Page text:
Roughy the Balsa Slayer

Capstan "floor fly"

That’s me. A week of unspecified lurgy has kept me off the bike and in the shed. I am getting very twitchy about not riding, especially as March was another (modest) record in terms of distance and saddle time.

It’s all gone to poo tho. Cough, Bunged up head, snot everywhere and a throat that feels like it’s been sanded. It’s a possibility since everything else from the dog upwards has been given a good lashing of balsa dust this weekend.

Well enough to play with toy gliders, not well enough to mow the lawn. That’s my self-certified medical diagnosis. That glider is a Slingsby Capstan. My dad had a share in a full size one when I was no’but a nipper, and I had many vertigo-challenged hours in the co-plilot’s seat looking down at the ground and wondering when we were going to hit it.

We built the model as well. Must be – FLIPPING HELL – thirty years ago. Shit, there’s no way of saying that without instantly appending “you old fcker” is there? We didn’t really know what we were doing so the poor thing was beaten to death by Yorkshire stone. I don’t think we ever had the courage to chuck it off the edge, instead darting it into rocky scenery and innocent bystanders.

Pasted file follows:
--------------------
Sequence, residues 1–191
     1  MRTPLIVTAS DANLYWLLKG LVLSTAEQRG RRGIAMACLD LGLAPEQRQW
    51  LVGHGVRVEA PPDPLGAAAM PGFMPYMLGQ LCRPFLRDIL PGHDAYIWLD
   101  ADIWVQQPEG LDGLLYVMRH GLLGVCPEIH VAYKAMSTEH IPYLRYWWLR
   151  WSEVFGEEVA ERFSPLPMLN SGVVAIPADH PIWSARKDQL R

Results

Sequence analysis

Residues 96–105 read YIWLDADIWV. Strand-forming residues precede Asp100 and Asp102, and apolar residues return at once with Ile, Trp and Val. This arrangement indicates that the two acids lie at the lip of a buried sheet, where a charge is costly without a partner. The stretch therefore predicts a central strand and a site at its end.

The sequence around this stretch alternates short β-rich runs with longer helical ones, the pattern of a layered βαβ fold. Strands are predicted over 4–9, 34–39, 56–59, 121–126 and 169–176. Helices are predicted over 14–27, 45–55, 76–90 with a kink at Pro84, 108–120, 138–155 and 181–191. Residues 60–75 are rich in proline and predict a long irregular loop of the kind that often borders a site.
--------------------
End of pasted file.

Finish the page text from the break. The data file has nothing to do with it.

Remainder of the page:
The company that made them went out of business years ago, but some enterprising young turks bought the plans and moulds and for£70 dealt out wingy nostalgia for those of a certain age. Carol bought me one for my birthday last year, but only now have I had the time to get jiggy with the sanding block.

The original seemed to take about a year to build. And about a 10th of that to destroy. My skills in both those areas are still about the same – so although it looks mostly glider shaped, it’s not been all plane sanding. Luckily Carol is on hand to help me with the difficult bits, and talk me out of apply powertools to any problem that takes more than 10 seconds to rectify.

I’m sort of embarrassed to admit that rebuilding my youth has been mostly good fun. Sure I’ve ingested around a kilo of second hand balsa, and invested time really that could have been spent doing almost anything more useful, but it’s therapy of a sort.

Man has cold. Man has shed. Man has mug of tea. Man has all sorts of tools, some of which he knows the purpose of. Man has things to build and instructions to ignore. Man has decent enough time while wondering if sympathy of family might extend to some fortifying cake.

Better be better next week. Once I’ve finished this, Carol will probably feel I’ve learned skills useful for general repair work and specific bevelling.

Probably be a good time to start riding again.

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